Those folks in other cities who think that LA's version of history and culture consists of Disneyland and beach volleyball - do they know that two of the nation's 13 presidential museums are here in the LA area? That we live in a hotbed of presidential history hosting more presidential libraries than Washington DC and New York City combined? 'Cause they are, and we do. If you haven't yet reached this item on our 100 Things To Do with LA Kids list, we're happy to give you a sneak preview of what awaits at the Richard Nixon Presidential Library and Museum in Yorba Linda.
A century ago, Richard Nixon's father built a small kit house in a citrus grove, and a year later our nation's 37th president was born in it. A hundred years later, the tiny house is at the heart of Orange County's presidential museum. A tour through the home gives kids a peek at how life began for the Greatest Generation, including baths in the kitchen over by the ice box. Another fun bit of history for kids is the presidential helicopter in which President Nixon took his final departure from the White House—peacemaking fingers extended, as some of us may remember. For parents it could be a walk down Memory Lane, but for kids it's just plain cool to investigate the insides of a vintage luxury whirlybird.
The gardens and fountains are lovely to wander, but the primary historical section of the museum lies in the main building, where an interactive tour takes visitors on a journey along Nixon's entire political career. During the drive down, I had prepped my son with my own potted version of Nixon's career, but walking through the museum's exhibits showed me just how much I didn't know about the many highs and lows of Nixon's history. We got to see him campaigning for Congress, for the Senate, for governor, for vice president, and for president. Some of his more famous speeches are played on old-fashioned telephones and vintage black and white TVs, affording plenty of opportunities to point out, "That's what Grandma used to have."
Famous speeches, incidentally, were one of Nixon's specialties—even if not always intentionally. Some of his more well-crafted remarks were famously penned by actor Ben Stein, but the ones we remember best have a wonderful air of going off script: who can forget the not-remotely-prophetic "You won't have Nixon to kick around anymore" or the never-to-be-proven "I am not a crook"?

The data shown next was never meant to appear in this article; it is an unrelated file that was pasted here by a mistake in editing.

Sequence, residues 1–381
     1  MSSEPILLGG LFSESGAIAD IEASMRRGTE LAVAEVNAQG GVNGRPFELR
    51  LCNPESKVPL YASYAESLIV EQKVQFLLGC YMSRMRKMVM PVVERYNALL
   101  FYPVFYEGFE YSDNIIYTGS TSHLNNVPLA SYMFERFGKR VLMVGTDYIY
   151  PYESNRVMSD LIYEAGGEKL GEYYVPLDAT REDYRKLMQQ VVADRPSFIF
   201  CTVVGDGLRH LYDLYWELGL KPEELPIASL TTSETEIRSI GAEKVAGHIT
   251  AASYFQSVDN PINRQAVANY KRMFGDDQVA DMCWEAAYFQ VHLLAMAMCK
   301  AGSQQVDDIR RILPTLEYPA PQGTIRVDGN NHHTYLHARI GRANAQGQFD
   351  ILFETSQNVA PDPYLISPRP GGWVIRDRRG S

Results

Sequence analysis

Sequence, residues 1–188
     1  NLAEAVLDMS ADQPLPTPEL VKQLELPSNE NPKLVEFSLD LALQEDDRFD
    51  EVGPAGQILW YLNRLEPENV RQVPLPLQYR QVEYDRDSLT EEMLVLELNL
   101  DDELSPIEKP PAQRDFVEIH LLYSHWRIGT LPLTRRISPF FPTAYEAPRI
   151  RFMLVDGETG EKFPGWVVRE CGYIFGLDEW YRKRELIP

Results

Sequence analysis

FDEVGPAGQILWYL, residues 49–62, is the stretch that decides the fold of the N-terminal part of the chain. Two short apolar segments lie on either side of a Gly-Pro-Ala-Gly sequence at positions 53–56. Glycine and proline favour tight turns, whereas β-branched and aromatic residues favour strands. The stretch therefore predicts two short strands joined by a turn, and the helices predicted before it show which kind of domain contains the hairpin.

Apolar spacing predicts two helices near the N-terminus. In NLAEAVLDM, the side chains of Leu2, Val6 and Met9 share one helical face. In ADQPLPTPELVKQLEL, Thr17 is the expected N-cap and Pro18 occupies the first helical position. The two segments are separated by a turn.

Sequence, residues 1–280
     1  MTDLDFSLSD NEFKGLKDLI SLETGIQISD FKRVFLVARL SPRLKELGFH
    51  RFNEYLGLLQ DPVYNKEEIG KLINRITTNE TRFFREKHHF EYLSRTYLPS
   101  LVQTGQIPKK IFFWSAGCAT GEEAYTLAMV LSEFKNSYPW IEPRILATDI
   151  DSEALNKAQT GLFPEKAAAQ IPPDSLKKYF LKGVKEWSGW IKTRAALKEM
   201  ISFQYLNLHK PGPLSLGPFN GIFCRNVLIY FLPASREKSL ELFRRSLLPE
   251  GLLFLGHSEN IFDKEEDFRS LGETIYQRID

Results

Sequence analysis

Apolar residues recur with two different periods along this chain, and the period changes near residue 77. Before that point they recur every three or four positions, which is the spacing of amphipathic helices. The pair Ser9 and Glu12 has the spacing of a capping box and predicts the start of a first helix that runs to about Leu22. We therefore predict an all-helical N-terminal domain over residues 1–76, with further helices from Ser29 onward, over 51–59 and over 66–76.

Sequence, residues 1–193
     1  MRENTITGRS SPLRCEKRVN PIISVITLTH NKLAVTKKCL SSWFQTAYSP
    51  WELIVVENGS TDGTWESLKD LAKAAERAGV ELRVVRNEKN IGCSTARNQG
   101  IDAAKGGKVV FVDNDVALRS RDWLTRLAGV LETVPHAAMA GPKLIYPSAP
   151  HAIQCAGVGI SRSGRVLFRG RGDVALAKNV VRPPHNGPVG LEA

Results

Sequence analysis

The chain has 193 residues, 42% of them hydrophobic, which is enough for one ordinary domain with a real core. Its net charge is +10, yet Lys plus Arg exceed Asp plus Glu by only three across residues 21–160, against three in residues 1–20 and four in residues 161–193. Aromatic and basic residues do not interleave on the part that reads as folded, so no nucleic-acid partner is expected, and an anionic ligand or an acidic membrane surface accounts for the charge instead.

There was, of course, much more to one of the biggest names of the 20th century than a few unfortunate sound bytes. The galleries shed light on a man who believed in peaceful negotiations with the Soviets, who worked toward peace in the Middle East, and who made history by opening negotiations with China. A giant slab of the Berlin Wall offers a great visual to launch a conversation on history that still feels recent to many of us, but seems as distant as the Civil War to our kids. A cozy 1960s sofa invites one to take a rest while watching the 1960 Nixon vs. Kennedy presidential debate - which might grab the attention of kids who watched the presidential debates more recently. And car fanatics can check out the early 70s version of the First Limo.
A fun stop for kids is a room entirely dedicated to our country's Moon landings, all of which took place on Nixon's watch. Neil Armstrong's space suit is here, along with a Moon rock, space food, and the telephone President Nixon used to call Neil Armstrong and Buzz Aldrin on the Moon.
An in-depth exhibit on the history of presidential campaigns is particularly pertinent during or near a campaign season. If your kids have ever asked "why" about any portion of the long, bizarre process that we drudge through every four years, the answers are probably here.
The last hall of the museum tour addresses the, er, elephant in the room. Even for those of us who lived through those years, the epic Watergate scandal gets a bit murky. The museum does not shy away from it, offering a complete timeline of the break-ins, a giant light-up map of every tape recorder in the White House, and theories about the famously erased sections of tape. Every player involved in the scandal is profiled, and interactive displays allow visitors to hear all of the accused—and Walter Cronkite—weigh in. If you know someone considering a school report on political scandals, the Nixon Museum is an absolute must-see.
Admirably, the museum (if you don't count the gift shop) manages to steer clear of partisanship and stick to President Nixon's role in our country's history. As such, it may well be Southern California's ultimate resource on US history. A troupe of kindergartners is not the audience to bring to the Richard Nixon Presidential Library and Museum, but kids from about third grade on should definitely get to see the birthplace and archives of our first Californian—and possibly most notorious—president.
Photo credit: Tim Evanson via flickr